In the case of public broadcasting, this entails a reliance on a volunteer force whose members comprise not only a large body in terms of numbers but a disparate one in terms of interests. Often, too, those interests are directly opposed to what the commercial sector regards or desires as industry standards (styles of presentation and program content), which themselves can be seen to reflect or reproduce a broader conservative hegemony in the social order at large. Frequently, then, a task of the public broadcasting manager is to curtail the forms of resistance of oppositional interest blocs to the extent that they do not contravene government regulations and put the stations's licence at risk. More generally, though, management at the public broadcasting level is a matter of negotiation and coordination – between and among the different interest blocs (which might be political or, in the case of specialist music interests, simply passionate), as well as the licence holder/s (universities, local councils, community groups, etc.), sponsors, and concerned citizens. At the heart of managerial problems in the public sector, of course, is each station's dependence on a pool of volunteer enthusiasts, many of whom are specialists and each of whom is subject to burn-out; so the pool is always in flux, and so is program continuity.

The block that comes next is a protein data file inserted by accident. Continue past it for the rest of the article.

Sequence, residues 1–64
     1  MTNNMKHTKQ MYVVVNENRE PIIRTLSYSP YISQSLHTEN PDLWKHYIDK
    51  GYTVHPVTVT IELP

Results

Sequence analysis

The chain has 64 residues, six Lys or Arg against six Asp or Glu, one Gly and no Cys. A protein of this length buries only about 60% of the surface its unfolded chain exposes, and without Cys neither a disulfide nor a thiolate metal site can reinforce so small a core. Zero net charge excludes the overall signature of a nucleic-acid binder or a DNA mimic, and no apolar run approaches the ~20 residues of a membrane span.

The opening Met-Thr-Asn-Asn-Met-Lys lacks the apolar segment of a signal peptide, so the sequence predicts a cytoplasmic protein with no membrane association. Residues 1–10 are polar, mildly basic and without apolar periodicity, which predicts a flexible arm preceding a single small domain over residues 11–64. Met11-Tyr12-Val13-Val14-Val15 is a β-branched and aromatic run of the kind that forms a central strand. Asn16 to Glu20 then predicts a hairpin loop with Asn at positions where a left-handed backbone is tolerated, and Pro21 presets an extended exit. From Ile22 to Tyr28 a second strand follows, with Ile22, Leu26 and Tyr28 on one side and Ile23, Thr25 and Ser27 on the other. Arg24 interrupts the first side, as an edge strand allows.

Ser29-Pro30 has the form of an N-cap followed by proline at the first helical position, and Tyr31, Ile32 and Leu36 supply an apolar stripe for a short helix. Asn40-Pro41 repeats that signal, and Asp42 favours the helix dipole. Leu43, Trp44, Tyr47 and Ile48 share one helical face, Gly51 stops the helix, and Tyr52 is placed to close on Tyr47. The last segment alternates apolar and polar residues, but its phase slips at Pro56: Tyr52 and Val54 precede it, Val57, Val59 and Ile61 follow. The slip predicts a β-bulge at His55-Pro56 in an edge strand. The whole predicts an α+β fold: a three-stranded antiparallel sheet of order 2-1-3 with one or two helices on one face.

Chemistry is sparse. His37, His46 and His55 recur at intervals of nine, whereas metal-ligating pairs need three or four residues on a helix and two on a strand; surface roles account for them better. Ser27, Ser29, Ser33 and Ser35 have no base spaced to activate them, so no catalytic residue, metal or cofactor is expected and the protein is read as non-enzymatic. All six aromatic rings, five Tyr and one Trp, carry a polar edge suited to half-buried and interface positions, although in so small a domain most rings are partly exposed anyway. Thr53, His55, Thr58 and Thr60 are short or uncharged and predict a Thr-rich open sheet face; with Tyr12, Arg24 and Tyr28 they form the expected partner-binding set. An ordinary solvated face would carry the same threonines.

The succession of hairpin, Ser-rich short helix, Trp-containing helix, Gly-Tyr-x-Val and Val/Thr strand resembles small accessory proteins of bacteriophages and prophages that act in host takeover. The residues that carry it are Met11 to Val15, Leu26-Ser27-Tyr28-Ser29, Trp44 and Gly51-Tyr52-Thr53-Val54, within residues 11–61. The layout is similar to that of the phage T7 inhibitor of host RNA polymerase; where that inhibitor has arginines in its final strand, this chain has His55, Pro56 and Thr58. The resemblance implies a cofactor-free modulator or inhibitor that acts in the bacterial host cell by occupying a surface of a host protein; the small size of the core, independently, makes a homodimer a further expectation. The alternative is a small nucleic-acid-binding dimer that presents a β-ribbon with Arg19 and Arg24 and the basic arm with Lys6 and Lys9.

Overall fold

While the constant flow of personnel with different knowledges and agendas is a problem at the level of management in public radio, it is desired at the level of public policy. This is not the case in the commercial sector, where the managerial emphasis is on homogeneity with regard to self-representation in the marketplace; at the same time, the policy environment within which individual commercial stations operate is geared towards "[m]aximising diversity of choice."4 No doubt this is a highly civic-minded objective, though it may also simply be a rhetorical one. To this extent, as well, it is open to many interpretations, and these will vary not only from sector to sector but also from region to region. City markets can at least appear to be provided with maximum diversity, if only because their populations can support the economic viability of many stations; but this does not have to mean that there is necessarily a great deal of actual choice on offer to a majority of city listeners across the commercial bands. Rural communities, often with only one commercial station per region, may in fact receive a full range of program styles compressed into a single station that is forced to cater, not to a targeted demographic, but to the demographic diversities of its channel range.